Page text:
Let's praise our Neighbourhood Watch heroes
Anyone who thinks of Neighbourhood Watch members as cantankerous nosey neighbours twitching their net curtains should think again.
I have been a huge advocate of Neighbourhood Watch ever since, as a young police office in the Met, I set up one of the first ever schemes in north London in the 1980s.
Then, as now, it was a vital scheme run by passionate volunteers who cared deeply about their communities.
It is also a genuinely useful and active community intelligence tool for the blue light services and a force for reassurance and cohesion, as well as helping people work more closely with the police service.
And don’t forget many insurance companies will give you a discount if you’re an active member of your local Neighbourhood Watch or Home Watch scheme – for the simple reason that by doing so you’re less likely to be a victim of crime.
Now, on National Neighbourhood Watch Week, it’s a chance for us to celebrate the work being done by these groups.
Across Dorset, we’re lucky to have around 780 schemes under the umbrella of the Association of Dorset Watches, which also includes other brilliant schemes such as Community Speed Watch, Horse Watch and Farm Watch that are helping to keep people safe across the county.
I know many of the people who run these schemes, and I’ve seen some of the amazing work they carry out.
For example, Corfe Mullen Home Watch has set up crime prevention teams, an idea which has also been taken up by Wimborne and Colehill Home Watch – a great initiative that is hoped to roll out to other areas of Dorset under the title of Neighbourhood Reassurance Team.
When a crime occurs in an area that the neighbourhood policing team think residents need to know about, they contact the Watch for volunteers. The volunteers are split into groups and knock on the residents’ doors, tell them briefly what has happened, provide them with relevant crime prevention advice, encourage them to register for the Dorset Alert e-mail system and sign up new members.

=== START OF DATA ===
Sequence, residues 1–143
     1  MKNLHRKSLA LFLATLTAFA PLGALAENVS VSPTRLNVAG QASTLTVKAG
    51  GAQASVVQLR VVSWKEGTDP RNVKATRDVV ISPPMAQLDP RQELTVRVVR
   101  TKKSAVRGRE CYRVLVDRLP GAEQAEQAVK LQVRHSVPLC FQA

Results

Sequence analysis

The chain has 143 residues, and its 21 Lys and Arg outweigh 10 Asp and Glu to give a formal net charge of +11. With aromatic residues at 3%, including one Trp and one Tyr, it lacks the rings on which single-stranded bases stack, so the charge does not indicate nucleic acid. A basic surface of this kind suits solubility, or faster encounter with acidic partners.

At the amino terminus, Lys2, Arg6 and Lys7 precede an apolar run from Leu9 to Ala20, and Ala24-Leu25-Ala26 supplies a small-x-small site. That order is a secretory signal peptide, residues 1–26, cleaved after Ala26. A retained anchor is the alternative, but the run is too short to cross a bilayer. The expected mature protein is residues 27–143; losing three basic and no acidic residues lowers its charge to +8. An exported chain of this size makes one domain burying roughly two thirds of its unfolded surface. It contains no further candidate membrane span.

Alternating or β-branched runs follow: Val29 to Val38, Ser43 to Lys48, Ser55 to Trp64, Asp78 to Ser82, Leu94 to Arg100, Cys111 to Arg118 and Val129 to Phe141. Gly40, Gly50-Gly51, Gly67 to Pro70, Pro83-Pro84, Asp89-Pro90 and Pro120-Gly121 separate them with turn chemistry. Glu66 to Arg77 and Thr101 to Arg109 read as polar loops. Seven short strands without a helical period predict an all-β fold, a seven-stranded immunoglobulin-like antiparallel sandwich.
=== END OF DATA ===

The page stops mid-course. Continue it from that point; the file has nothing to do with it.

Another great example is that of Neighbourhood Watch Co-ordinator Syd Green, who was returning home to Morcombelake from Bridport when he saw a large fire on Hardown Hill near Chideock.
He rang 999 from home to be told that it had already been reported and that the Fire and Rescue Service were on their way.
Using his Neighbourhood Watch area lists Syd ascertained which members were most at risk and informed all of those that were at home. Syd contacted 999 again to emphasise that the blaze was definitely a heath fire and so would spread rapidly, he also advised them that because of the terrain on the hill they would require special equipment to get up the tracks.
Other Neighbourhood Watch members then pitched in to help by spreading the word to neighbours, showing fire officers the route to the hill and directing them to the water reservoir by the radio mast.
Fire Officers worked tirelessly and were at the scene until the morning of the third day when they were satisfied that the fire was out.
His efforts were praised by District Commander for West Dorset Jason Rogers, who said: “I was extremely impressed and grateful for the local knowledge shared and proactive actions taken by the Ryall Neighbourhood Watch. Residents clearly take great pride in their local area and their efforts to assist Dorset and Wiltshire Fire and Rescue Service were much appreciated.”
There’s no doubt that the people involved in these schemes are heroes – and we could certainly do with a few more of those across our communities, so please do consider joining. You can get more details here.